By David P Rowe
As the world prays for his health today, it is worth bearing in mind that Nelson Mandela is a significant political and philosophical exemplar for the Caribbean.
Most Caribbean islands are racially black with large poor underclasses of people who in many ways do not participate in the economic lives of their countries.
When they look at Mandela, they see a man who was able to dismantle the colonial system of racial oppression called Apartheid. Mandela’s personal sacrifice after being incarcerated for 27 years in various prisons is a symbol for all Caribbean leadership.
Mandela said that “like slavery and apartheid, poverty is not natural. It is man-made and it can be overcome and eradicated by the actions of human beings.”
The Caribbean people who have been fighting against man-made poverty are inspired by the profundity of Mandela’s philosophy.
Every Caribbean nation has recognized Mandela for his contribution to world peace. In fact, his last visit out of South Africa was to Trinidad where, seeking support for the 2010 World Cup, he was made to feel the hero that he really is.
The 2004 visit came 13 years after Mandela’s visit to Jamaica, one which stoked passions and emotions.
During the 1970s and 1980s, many Caribbean leaders including Michael Manley and Forbes Burnham were extremely critical of the Apartheid regime in South Africa, which prevented whites and blacks from working together, living together and socializing. Mandela was recognized in the Caribbean as destroying this horrid system.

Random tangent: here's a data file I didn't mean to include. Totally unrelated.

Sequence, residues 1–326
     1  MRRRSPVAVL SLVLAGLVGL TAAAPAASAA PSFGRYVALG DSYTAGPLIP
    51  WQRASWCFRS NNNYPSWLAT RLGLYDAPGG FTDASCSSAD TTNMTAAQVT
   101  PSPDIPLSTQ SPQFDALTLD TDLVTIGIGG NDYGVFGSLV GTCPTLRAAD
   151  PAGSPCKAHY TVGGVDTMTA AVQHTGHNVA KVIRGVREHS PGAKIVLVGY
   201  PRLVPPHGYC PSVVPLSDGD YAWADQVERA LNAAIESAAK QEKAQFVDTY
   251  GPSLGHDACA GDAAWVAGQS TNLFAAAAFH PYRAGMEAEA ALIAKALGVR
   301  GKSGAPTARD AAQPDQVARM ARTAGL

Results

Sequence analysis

Africans and Caribbean people mostly share the same racial pedigree.Most people people in the Caribbean arrived because their forebears were slaves taken from Africa to achieve the economic goals of European plantocrats. Many of these Africans died in the Middle Passage, the primitive journey of 4-6 weeks across the Atlantic, or arrived in the Caribbean with nothing. Caribbean people have always felt an affinity for their African cousins particularly where the issue of European economic exploitation arises.
It’s no surprise that in recent years a number of Caribbean countries, including Jamaica and Haiti, have sought to re-engage Africa and deepen ties with the continent.
Mandela’s plight, struggle, serene disposition and equanimity towards all people have forged a lasting liink between all Caribbean and African people and their mutual hope for a better future.
Norman Manley, Alexander Bustamante, Grantley Adams and Mandela’s other Caribbean contemporaries, eschewed violence in their struggles for self-determination: indeed, reconciliation and mediation rather than bloodshed was his reasoned approach to nation-building which took root decades before in the Commonwealth Caribbean.
Much of the current crop of Caribbean leaders seems mediocre when compared with Mandela. How many of our current politicians would go to jail on principle for anything?
As we hope for his health to improve, Mandela’s meaning to the Caribbean should not be forgotten.
David P Rowe is an attorney in Jamaica and Florida and an adjunct law professor at the University of Miami School of Law in Coral Gables, Fla.
Note: the opinions expressed in Caribbean Journal Op-Eds are those of the author and do not necessarily reflect the views of the Caribbean Journal.